Next week I’ll be doing a talk on Actor Concurrency at the CodeMash conference, which looks like it will be a lot of fun. During my holiday downtime I’ve been hacking around on a bunch of Erlang (and Scala) code. I’m going to write a couple posts with some little snippets here in case anyone’s interested.
Erlang in a nutshell is a functional, dynamically-typed language designed to build concurrent, distributed, fault-tolerant systems. The language is 20 years old and was invented at Ericsson to build telecom software however the feature set seems remarkably prescient to the challenges we face in the multi-core era today.
Here’s a little Fibonacci module I wrote during exploration (fib.erl):
fib(0) -> 0;
fib(1) -> 1;
fib(N) -> fib(N-1) + fib(N-2).
A module is the unit of code in Erlang and this file defines a set of functions in a module. By default, all modules are local to the module unless they are exported with the -export directive. The “fib/1” refers to the function “fib” with arity 1. In this module I’ve defined fib with three expressions; the one actually invoked at any given time is selected based on pattern matching. Here I defined fib(0) and fib(1) as special base cases and defined fib(N) recursively in terms of the two prior values in the sequence.
To actually use this module interactively in the Erlang shell, you can do something like this:
Erlang (BEAM) emulator version 5.6.3 [smp:2] [async-threads:0] [kernel-poll:false]
Eshell V5.6.3 (abort with ^G)
2> [fib:fib(1), fib:fib(2), fib:fib(3), fib:fib(4), fib:fib(5), fib:fib(6)].
In that trace, I started the Erlang shell with “erl”, then typed a series of commands at the numbered prompt. The first call “c” just loads and compiles a module, specifically the module I declared above. The second call creates a list (square brackets) with a series of expressions each of which invokes my fib function for the ith Fibonacci number.
However, the definition of Fibonacci here is not really ideal. Because we are relying on two recursive calls back to the fib function, we cannot utilize tail recursion and so to compute each preceding value for the Nth value, we consume a stack frame. This makes poor use of memory and will cause the runtime to crash with a large enough value.
A better approach is to calculate the values iteratively, reusing the same stack frame for each successive Fibonacci calculation. To do this, we need to walk forward through the Fibonacci sequence, passing the prior two values and computing a new one at each step. In this way, we pass the “state” (in the form of the last two values) on the parameter stack until we reach the Nth value.
Here is fib recast in a tail-recursive friendly form:
fib(N) -> fib_iter(N, 0, 1).
fib_iter(0, Result, _Next) -> Result;
fib_iter(Iter, Result, Next) when Iter > 0 ->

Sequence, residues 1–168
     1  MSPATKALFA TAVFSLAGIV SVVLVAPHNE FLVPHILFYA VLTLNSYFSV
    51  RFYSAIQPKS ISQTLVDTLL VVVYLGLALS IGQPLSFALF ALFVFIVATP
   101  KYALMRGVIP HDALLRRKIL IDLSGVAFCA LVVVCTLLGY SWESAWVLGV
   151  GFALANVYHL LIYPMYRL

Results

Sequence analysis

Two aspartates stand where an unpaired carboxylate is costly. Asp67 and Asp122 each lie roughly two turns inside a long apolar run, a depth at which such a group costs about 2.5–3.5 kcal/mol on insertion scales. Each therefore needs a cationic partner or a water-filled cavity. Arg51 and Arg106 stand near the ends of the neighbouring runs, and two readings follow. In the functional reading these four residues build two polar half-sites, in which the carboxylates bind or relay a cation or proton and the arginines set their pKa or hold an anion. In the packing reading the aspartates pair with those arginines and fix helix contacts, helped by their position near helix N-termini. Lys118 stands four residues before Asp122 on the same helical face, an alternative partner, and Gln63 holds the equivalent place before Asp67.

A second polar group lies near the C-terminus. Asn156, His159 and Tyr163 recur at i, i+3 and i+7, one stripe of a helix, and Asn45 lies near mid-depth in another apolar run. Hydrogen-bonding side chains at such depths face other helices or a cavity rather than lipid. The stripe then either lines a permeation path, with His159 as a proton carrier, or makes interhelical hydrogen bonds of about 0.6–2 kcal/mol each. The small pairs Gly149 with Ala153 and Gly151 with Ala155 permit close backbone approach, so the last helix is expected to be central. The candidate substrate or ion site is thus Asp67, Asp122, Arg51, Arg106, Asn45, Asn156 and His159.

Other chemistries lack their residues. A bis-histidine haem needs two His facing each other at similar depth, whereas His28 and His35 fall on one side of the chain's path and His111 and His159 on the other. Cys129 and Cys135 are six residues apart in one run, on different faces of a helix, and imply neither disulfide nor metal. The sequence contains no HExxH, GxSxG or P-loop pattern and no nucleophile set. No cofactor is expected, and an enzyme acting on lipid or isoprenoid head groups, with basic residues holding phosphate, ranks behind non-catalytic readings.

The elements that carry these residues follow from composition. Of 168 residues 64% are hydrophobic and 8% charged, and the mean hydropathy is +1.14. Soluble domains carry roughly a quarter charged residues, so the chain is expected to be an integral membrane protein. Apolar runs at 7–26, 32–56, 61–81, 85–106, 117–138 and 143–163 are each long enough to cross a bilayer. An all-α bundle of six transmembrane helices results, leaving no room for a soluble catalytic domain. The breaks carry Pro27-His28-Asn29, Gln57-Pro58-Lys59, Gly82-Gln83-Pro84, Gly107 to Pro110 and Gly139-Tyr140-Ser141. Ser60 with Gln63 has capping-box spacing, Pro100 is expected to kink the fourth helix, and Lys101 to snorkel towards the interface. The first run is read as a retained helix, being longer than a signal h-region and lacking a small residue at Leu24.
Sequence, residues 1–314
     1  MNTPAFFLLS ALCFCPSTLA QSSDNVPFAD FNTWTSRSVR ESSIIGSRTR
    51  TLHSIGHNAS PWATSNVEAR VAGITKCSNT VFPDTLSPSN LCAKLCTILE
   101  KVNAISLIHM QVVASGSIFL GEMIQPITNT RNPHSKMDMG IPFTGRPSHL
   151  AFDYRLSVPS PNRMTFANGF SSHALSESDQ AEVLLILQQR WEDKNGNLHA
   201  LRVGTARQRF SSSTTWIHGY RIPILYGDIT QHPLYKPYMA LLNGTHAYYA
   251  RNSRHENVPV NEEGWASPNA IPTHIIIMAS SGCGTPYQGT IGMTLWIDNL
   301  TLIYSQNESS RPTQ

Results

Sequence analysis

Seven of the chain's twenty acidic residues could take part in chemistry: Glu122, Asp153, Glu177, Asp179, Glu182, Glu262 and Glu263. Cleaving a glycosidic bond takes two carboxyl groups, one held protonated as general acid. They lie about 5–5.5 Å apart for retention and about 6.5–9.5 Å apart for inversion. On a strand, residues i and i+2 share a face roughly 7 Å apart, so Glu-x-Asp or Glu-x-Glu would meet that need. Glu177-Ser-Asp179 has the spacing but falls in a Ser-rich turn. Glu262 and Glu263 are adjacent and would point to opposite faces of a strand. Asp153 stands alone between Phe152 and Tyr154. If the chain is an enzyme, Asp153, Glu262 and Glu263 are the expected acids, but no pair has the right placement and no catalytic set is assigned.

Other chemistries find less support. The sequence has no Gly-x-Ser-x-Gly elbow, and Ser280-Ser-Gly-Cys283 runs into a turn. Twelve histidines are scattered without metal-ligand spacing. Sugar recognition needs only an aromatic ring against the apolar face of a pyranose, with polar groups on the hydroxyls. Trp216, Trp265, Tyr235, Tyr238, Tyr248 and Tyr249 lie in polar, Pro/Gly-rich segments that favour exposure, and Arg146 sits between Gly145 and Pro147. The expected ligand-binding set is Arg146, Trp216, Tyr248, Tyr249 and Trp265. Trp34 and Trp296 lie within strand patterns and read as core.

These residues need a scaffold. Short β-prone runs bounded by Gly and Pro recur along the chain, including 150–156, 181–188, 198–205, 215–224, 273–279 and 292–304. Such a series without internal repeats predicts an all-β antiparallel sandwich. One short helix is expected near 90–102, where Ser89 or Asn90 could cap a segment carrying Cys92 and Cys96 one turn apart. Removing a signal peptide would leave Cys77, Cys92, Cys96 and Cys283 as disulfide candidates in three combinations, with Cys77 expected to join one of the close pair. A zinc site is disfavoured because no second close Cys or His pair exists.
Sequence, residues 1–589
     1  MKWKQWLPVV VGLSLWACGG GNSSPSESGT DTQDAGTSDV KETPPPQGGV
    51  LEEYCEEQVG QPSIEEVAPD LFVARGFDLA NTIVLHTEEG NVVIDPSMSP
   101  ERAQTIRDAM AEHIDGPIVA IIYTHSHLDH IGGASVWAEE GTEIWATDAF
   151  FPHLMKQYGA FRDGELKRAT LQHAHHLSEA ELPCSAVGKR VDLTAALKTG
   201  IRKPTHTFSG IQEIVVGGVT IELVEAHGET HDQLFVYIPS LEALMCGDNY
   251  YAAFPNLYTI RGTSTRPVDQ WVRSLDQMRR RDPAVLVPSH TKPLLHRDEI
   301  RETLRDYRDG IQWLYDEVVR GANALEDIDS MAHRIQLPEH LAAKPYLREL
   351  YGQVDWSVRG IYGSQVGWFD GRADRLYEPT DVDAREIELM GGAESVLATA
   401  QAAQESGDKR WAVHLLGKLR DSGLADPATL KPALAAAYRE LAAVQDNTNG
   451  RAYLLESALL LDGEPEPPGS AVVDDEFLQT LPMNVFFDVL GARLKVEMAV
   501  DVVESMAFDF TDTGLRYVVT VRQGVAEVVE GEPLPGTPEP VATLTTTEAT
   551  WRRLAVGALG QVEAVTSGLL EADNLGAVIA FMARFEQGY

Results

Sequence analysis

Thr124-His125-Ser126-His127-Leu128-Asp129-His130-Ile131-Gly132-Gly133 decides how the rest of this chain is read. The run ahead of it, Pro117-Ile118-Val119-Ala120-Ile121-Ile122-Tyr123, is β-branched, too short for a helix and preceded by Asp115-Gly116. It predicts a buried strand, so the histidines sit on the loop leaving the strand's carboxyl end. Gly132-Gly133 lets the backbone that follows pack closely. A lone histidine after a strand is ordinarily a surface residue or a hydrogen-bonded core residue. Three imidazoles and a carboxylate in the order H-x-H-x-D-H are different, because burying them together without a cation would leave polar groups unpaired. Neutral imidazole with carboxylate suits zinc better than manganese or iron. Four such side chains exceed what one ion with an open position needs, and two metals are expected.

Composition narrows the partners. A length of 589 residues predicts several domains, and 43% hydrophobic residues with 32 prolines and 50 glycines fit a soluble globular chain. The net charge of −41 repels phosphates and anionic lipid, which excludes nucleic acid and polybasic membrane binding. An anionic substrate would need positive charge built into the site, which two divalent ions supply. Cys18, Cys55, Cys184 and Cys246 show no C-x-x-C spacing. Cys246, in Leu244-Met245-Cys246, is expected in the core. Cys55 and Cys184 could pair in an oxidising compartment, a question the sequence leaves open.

fib_iter(Iter-1, Next, Result+Next).
A common technique when converting a recursive algorithm to an iterative one is to use a helper function that puts extra state in some additional parameters that can change during the iterative call. This example uses that technique by doing the real work in fib_iter/2 and just priming it with the proper values when you call fib/1.
fib_iter takes three arguments – the first tells you how many more values of the sequence you need to compute and serves as what would be a decreasing loop index in an imperative language. The last two arguments are the last two values in the sequence, starting with 0 and 1 as the initial values. The first definition for fib_iter is the base case and says that when the iteration argument hits 0, the Result is the second argument and we just return it.
An aside: _Next here is unused (but must exist to match the arity for fib_iter/2). In Erlang, variables starting with an _ are unused (often just _ is used but here I’ve named it to match the other definition for clarity). If I had just used Next here, Erlang would have warned me with something like: “./fib2.erl:6: Warning: variable ‘Next’ is unused”.
The second definition has a guard (“when Iter > 0”) that indicates when it should be matched and just makes a single recursive call to itself (allowing tail recursion to kick in). You’ll notice that the first iterator argument is decremented, the most recent prior value moves from the 3rd arg to the 2nd, and we calculate the next value by adding the two incoming values.
Running this we see the same results as before:
2> [fib2:fib(1), fib2:fib(2), fib2:fib(3), fib2:fib(4), fib2:fib(5), fib2:fib(6)].
Note that fib2 copes just fine with fib(1024) and clearly Erlang uses arbitrary precision integers like Java’s BigInteger.
The big difference though is in performance. We’ve switched from a O(2^n) kind of algorithm to a O(n) algorithm, which obviously is a lot different. Here’s a quick test of the two. I got tired of waiting on fib(64) after 10 minutes or so although it probably would have returned eventually.
To obtain a timing in Erlang, you can use this little function:
1> timer:tc(fib, fib, ).
The tc function takes the module, function, and list of arguments and returns a tuple with the time (in microseconds) and the result.
Hope you enjoyed a little romp into Erlang with me. I should also mention for completeness that there are even more efficient implementations of Fibonacci as well.
Probably my biggest syntactical gripe about Erlang coding so far is how annoying it is to have three termination symbols (, ; .) that are used in different contexts. These all have well-defined rational uses and I can almost always decide which is the right one to use, but it still requires a lot of thinking about something that really shouldn’t be that hard. I’ve also found it to be a royal pain when refactoring my code as I frequently move a line of code and then find the terminator is the wrong one in the new context. But other than that, writing Erlang code has been a lot of fun.